Emerging Markets Walk a Fine Line

Does the difference between a bull market and a bubble walk a razor’s edge…or a five-lane freeway? The difference may simply be a matter of perspective. If you’re long, it’s a bull market; if you’re short, it’s a bubble.

Back in the late 1990s, die-hard value investors like Jean-Marie Eveillard, Barton Biggs and Jeremy Grantham shunned the high-flying tech stock sector as a “bubble.” This “mania” would end in tears, these insightful investors predicted.

But for an uncomfortably lengthy period of time, the tech stock mania produced only smiles and riches. Eveillard, Biggs and Grantham had more reason to shed tears than their tech-stock-buying counterparts. Clients fled from both Eveillard and Grantham, while Biggs gained a reputation as a crotchety, has-been strategist.

Eveillard famously defended his caution by declaring, “I would rather lose half my clients than half my clients’ money.” And he did…lose half his clients, that is.

As the new millennium dawned, however, the tech stock bull market began to look increasingly bubblish…and Messrs. Eveillard, Biggs and Grantham began to look increasingly brilliant. In fact, they were dead-on correct. And since Eveillard and Grantham did not buy into the tech stock hype, they successfully avoided the tech stock bust. They stuck to their convictions – buying good stocks at good prices…or not at all – and compiled superior investment results for their clients.

Fast-forward ten years; Eveillard has retired. But Biggs and Grantham are still in the game. The tech stock bubble is long gone, but bull-market/bubbles are still very much with us. Depending on one’s point of view – i.e., whether one is long or short – Treasury bonds, gold and emerging market stocks are all in robust bull markets…or dangerous bubbles.

But this time around, Biggs and Grantham are taking a different approach. Bubbles are a great place to make money, they say, as long as you don’t hang around too long. “We’re only halfway along the way to a gigantic eventual bubble in the emerging markets,” says Biggs, “The emerging markets, particularly Asia, are a place where I want to have a really major representation.”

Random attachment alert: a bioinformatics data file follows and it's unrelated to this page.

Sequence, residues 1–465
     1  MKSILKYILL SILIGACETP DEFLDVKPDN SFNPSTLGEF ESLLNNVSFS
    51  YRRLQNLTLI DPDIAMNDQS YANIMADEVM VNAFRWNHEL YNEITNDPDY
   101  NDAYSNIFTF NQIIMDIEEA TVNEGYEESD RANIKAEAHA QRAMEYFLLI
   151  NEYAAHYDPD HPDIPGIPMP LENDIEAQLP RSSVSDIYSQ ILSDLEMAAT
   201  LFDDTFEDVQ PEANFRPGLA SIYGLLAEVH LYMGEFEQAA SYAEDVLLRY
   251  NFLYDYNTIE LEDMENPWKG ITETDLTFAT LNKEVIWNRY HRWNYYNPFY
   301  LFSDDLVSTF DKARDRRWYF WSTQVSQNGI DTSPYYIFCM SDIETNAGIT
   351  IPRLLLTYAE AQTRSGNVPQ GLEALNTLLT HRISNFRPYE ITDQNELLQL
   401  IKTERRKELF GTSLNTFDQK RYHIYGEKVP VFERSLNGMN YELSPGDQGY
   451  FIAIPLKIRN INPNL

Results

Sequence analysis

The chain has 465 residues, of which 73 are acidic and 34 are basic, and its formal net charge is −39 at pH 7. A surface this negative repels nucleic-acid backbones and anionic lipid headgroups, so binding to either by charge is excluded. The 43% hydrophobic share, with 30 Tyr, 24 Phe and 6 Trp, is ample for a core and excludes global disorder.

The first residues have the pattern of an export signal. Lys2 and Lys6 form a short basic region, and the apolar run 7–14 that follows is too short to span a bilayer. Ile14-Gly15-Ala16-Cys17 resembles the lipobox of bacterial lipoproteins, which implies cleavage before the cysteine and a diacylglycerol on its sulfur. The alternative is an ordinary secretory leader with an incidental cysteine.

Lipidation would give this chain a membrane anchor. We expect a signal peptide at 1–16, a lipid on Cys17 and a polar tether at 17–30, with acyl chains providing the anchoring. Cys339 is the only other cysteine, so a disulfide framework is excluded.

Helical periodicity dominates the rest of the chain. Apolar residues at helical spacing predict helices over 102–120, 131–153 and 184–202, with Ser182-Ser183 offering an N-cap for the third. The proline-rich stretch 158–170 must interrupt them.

“Biggs’s view is shared by Jeremy Grantham,” Bloomberg News reports. “The chief strategist at Grantham Mayo Van Otterloo & Co. wrote on Oct. 26 that his forecast for an ‘emerging emerging bubble’ was in ‘splendid shape’ after the MSCI Emerging Markets Index soared 146 percent in the past two years.”

The nearby chart corroborates that assessment. Emerging Market stocks have never been more expensive than they are today, relative to stocks in the Developed Markets. Twelve years ago, the MSCI Emerging Market Index traded for only one fifth of the valuation of the S&P 500 Index and the MSCI World Index, based on price-to-book ratios. Today, however, the Emerging Markets are trading on parity with Developed World stocks.

Emerging Market Index vs. World Index

This surprising data point does not necessarily mean that Emerging Market stocks are overpriced or bubble-ish, but it does mean that they are no longer cheap. “Everyone and his dog are now overweight emerging [market] equities,” Grantham observes, “and most stated intentions are to go higher and higher.”

Despite these bubble-like conditions, Grantham believes Emerging Market stocks will continue running for a while longer. He recommends a “moderately overweight” position.

“The headache posed by bubbles depends on the asset managers’ perspective,” writes Dylan Grice, a global strategist at Société Générale. “For skeptics the pain is on the way up, for true believers it’s on the way down.”


Your editors here at The Daily Reckoning may be true believers, but they are not delusional. Your editors are fans of selective Emerging Markets like Brazil and India. But the current near-mania for Emerging Market stocks is probably not presenting the very best long-term investment opportunity. So keep some powder dry and don’t forget to pull the trigger the next time these markets are tanking.

Eric Fry
for The Daily Reckoning